Delmia Interview Part 2: Dassault and the Virtual Twin

As one of the leading developers of simulation software in the world, Dassault Systems takes pride in its state of the art design and simulation software.

In part 2 of our DELMIA conversation with Adrian Wood, we talk about a central element of Dassault software: design and simulation using the virtual twin.


Over the course of this interview, we will go through the evolution of this concept from the offline “digital twin” phase to the modern, live simulation capabilities of the virtual twin AND how it can be used in the industry 4.0 revolution.

JD: While doing the research for this interview, I often hear people talk about Delmia trying to “connect design to the real world”. One term that I read a lot about regarding to Dassault Systems is this concept of the “virtual twin”.

JD: Obviously, we do not necessarily have a lot of time, but if you could give us a brief rundown as to this virtual twin concept.

Adrian: So, as I said before, I started my career working on and building digital models of mainly manufacturing operations.

Adrian: So, we have programming style languages, which allowed us to code a model of, say, a shoe packaging line or a fast-food restaurant or a manufacturing operation and we then developed this model where you could simulate what would happen; but, at that time, those models were very much offline.

Adrian: Back in those days, it took a long time to build those models. We fed them with probabilistic and stochastic information to see what might happen in the real world; and then, we would run it for a day in real time to simulate, perhaps, a year of simulated time. After 24 hours, the operations people would use that to make better decisions about how to lay out their line or how to do it. That was the birth of digital twins, and they were static offline. They were fed with statistical data versus real world data.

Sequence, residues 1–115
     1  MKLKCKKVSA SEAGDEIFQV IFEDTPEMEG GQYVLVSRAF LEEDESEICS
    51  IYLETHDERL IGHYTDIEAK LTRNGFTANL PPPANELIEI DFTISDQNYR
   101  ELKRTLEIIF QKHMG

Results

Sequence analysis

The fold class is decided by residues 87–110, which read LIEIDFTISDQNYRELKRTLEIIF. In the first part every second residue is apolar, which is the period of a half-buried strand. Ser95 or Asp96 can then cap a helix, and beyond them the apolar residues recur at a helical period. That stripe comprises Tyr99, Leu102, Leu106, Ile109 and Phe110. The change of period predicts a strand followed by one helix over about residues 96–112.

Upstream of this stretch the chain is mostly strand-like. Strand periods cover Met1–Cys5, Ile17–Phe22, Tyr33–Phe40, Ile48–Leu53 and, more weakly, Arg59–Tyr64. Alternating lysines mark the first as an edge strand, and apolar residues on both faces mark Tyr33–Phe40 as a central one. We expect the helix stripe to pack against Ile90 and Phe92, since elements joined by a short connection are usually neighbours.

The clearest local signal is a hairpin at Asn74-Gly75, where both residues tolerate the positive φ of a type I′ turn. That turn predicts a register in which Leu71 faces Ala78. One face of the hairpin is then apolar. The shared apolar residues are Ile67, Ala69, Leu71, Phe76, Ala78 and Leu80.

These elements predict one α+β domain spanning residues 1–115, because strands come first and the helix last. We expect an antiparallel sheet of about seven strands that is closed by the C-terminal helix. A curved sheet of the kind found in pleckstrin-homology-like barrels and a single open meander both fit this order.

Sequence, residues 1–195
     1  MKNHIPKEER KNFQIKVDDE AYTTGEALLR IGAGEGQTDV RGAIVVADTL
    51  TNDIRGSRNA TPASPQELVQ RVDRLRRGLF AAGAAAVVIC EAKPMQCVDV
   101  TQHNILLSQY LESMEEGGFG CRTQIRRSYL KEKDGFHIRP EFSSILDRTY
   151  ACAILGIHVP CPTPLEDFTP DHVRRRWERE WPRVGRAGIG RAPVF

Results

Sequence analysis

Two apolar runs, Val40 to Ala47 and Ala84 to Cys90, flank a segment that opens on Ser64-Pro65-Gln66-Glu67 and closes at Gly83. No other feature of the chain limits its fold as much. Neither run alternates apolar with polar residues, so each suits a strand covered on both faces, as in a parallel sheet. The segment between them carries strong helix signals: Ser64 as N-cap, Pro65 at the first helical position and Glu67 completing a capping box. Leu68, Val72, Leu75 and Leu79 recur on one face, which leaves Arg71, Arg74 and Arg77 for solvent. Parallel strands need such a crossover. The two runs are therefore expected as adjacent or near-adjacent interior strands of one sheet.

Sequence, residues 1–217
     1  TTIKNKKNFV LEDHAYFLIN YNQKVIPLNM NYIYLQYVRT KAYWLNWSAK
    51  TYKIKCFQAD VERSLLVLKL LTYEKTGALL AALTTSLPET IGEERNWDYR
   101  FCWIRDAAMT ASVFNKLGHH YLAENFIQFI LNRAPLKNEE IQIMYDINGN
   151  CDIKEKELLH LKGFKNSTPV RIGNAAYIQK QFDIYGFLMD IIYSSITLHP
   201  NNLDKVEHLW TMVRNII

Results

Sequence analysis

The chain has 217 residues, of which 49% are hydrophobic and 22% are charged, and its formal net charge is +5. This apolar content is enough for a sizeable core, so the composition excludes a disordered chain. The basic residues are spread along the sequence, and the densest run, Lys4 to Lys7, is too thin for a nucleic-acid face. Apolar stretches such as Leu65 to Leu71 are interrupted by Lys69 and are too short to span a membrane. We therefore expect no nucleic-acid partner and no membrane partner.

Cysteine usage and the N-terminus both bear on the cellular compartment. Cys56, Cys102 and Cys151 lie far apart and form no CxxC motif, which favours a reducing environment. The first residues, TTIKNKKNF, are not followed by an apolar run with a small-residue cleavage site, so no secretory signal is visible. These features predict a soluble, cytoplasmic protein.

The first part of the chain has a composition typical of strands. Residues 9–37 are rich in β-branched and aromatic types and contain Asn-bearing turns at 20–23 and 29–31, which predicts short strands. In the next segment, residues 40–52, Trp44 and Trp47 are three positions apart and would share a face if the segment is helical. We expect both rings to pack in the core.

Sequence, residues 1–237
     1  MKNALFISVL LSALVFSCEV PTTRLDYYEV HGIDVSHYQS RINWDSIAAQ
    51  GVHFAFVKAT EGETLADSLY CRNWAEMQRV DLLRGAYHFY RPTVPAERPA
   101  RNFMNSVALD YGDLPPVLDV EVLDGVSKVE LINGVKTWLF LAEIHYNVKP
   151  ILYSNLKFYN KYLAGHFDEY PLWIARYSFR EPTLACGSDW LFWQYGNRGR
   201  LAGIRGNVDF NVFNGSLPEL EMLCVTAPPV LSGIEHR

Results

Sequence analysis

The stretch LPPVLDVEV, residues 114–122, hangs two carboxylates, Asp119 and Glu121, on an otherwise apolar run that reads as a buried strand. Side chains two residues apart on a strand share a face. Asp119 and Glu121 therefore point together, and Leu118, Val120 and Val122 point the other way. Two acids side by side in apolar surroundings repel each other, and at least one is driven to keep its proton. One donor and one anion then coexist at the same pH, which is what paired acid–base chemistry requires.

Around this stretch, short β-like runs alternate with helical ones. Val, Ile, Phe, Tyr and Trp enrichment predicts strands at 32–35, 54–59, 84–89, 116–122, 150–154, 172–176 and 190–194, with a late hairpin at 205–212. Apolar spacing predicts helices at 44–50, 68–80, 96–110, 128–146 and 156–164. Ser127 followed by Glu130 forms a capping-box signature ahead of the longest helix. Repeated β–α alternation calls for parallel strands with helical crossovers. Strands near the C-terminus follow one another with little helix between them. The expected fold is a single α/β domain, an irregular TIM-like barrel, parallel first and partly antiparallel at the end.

Adrian: So, if you think now about today’s version of that – which we call virtual twins or the virtual twin experience – it’s largely trying to solve the same problems. We’re trying to make mistakes in the virtual world, so we don’t make them in costly, expensive, or unsafe ways in the real world. It’s the same concept of building a model of our product to represent our operations or our supply chain, but the difference is now we’re not building it in a programming language.

Adrian: We are taking objects such as robotic arms, machining centers, test, and assembly operations or, whatever that might be, and we’re dropping them into a model. Then, those objects are not only rich with visual representation of those operations, but all of the details of the speed, the flow rate, the preventative maintenance, and all the rest of it.

Adrian: So, we’re building it from an object-based point of view and we’re connecting it with real time data. So, if we build a virtual twin model of, let’s say, a packaging line. As we go through and we collect information about what’s happening in our factories, we can feed that information back into the virtual model so that we can refine it, make changes to it, see how we can do things better, see how we can react or reconfigure the line based upon more breakdowns than we expected or supplier changes or material changes.

Adrian: And so, the differences between the digital twins of the early years, which was part of my legacy and the virtual twin of today, is that virtual twin model is something which sort of lives and breathes. It’s actually connected; it’s in being informed by the real world.